In terms of the Stage 1/2 dilemma, I will do exactly as you advise (and practise how I will say it in advance!) I realise now I should have done this last time - I didn't really fully understand the implications before that once Stage 1 was done, the admissions authority were effectively 'in the clear' over the SAC. I was a bit illadvised on this by the clerk in advance of the hearing, who said that anything individual should be left to Stage 2, but there is a bit of an intersection between the general and the specific in our case and that has complicated things a bit (not least of all in my own mind!)

Thank you so much again for all your help - you really should have a charity 'tip jar' or something on this forum, as the advice you give is invaluable!

Author:  Etienne [ Sun May 26, 2019 5:54 pm ]
Post subject:  Re: Abraham's Appeals . . .

abraham wrote:
I suspect that the decison letter may have been deliberately vague on the non-qualification issue, just in case I did try and pursue a place on the waiting list (as I had enquired about this previously with both the LEA and the clerk)
It's possible, but I think it more likely that everyone gets the same basic letter. They tend to be too busy to personalise the letter beyond referring to the main points of your case.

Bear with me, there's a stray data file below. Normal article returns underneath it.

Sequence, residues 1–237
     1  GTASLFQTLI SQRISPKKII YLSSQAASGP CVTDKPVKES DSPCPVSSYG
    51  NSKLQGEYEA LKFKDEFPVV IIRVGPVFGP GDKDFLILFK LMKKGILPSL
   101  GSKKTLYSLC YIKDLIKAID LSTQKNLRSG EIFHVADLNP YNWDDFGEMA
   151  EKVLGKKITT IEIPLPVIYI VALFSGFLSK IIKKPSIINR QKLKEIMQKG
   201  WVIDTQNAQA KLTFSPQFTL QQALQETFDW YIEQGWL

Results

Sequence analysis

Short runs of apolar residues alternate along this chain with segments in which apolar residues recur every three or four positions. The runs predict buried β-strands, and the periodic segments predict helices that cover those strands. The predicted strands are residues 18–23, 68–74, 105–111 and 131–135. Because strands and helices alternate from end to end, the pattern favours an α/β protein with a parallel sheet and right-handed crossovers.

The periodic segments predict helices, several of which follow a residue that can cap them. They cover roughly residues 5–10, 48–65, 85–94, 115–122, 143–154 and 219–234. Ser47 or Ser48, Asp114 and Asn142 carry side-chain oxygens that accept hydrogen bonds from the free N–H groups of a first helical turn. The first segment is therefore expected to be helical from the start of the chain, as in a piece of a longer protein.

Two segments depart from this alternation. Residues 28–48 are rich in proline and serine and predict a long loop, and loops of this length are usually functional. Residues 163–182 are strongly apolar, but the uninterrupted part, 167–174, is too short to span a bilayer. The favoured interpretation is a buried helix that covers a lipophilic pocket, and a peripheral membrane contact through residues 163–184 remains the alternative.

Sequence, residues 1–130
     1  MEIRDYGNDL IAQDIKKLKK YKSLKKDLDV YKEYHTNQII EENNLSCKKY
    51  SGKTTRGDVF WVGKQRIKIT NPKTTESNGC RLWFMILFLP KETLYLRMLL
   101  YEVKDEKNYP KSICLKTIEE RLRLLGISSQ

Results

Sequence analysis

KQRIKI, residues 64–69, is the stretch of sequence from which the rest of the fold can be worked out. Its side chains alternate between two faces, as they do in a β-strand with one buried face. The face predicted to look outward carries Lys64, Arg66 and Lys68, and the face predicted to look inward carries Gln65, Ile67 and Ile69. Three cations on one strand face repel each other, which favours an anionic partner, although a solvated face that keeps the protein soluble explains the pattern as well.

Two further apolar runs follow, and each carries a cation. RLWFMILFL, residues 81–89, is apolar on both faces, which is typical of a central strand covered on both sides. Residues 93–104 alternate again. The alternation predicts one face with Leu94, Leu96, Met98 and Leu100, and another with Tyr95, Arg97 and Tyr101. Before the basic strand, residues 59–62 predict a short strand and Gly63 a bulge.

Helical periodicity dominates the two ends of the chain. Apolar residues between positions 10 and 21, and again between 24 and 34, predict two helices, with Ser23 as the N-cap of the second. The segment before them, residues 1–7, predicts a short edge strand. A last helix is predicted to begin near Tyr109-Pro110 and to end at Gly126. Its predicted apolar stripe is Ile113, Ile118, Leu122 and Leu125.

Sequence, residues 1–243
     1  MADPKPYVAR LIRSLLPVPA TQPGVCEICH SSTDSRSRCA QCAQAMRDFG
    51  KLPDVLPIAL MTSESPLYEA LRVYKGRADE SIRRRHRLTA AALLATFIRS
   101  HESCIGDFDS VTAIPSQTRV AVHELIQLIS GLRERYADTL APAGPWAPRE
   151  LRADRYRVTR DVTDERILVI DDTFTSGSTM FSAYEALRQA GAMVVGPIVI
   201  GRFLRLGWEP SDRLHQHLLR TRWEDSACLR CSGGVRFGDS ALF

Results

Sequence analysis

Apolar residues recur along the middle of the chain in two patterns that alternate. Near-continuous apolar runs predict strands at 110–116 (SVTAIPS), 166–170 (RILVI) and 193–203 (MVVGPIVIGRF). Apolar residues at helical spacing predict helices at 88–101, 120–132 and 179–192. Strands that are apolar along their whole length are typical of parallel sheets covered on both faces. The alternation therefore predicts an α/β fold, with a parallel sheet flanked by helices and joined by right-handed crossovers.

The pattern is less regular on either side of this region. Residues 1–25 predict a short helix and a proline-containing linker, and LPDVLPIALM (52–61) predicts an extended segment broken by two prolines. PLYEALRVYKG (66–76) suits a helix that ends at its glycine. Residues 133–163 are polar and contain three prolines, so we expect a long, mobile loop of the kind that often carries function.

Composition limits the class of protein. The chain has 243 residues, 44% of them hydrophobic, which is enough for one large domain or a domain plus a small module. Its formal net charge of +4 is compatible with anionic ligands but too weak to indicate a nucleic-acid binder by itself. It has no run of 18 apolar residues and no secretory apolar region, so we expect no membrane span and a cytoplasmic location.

Quote:
With regards to the Haringey footnote (I have read the code several times, but it never even occurred to me to read the footnotes too!) does it relate to a judicial review case?
It was an Appeal Court judgement.
http://www.bailii.org/ew/cases/EWCA/Civ/2010/1103.html

Quote:
I am assuming 'at this stage' refers to Stage 1?
Yes.

Quote:
Logically, I had thought that both sides would (in theory) submit their cases to the clerk, the paperwork would then be circulated to all parties at the same time, and then the opportunity to question/challenge these would only come about in Stage 1 & 2 respectively - but I couldn't find anything in the code that stated explicitly that this was the case.
You are right.
The Code says only:
      Quote:
      2.10 The clerk must send all the papers required for the hearing, including the names of the panel members, to both the parties and the members of the panel a reasonable time before the date of the hearing........
Although the words "at the same time" are not used, they are implicit because it would be unfair if the parties were treated differently.
If one side is given an advantage, it is arguably contrary to natural justice:
      Quote:
      1.2. Appeal panels perform a judicial function and must be transparent, accessible, independent and impartial, and operate according to principles of natural justice.

Quote:
things like DC would be better off with children in their own ability group, that DC would not be able to keep pace with the other children and would hold them back .....
I am quite frankly appalled that a school should be making that sort of comment in its case.

Even if it were true (which is not so in your case because your child was clearly borderline, and no reasoning test is 100% reliable, so he could just as well have been two raw marks above as two raw marks below), whether or not a child would be better off somewhere else is a consideration for parents, not for an appeal panel.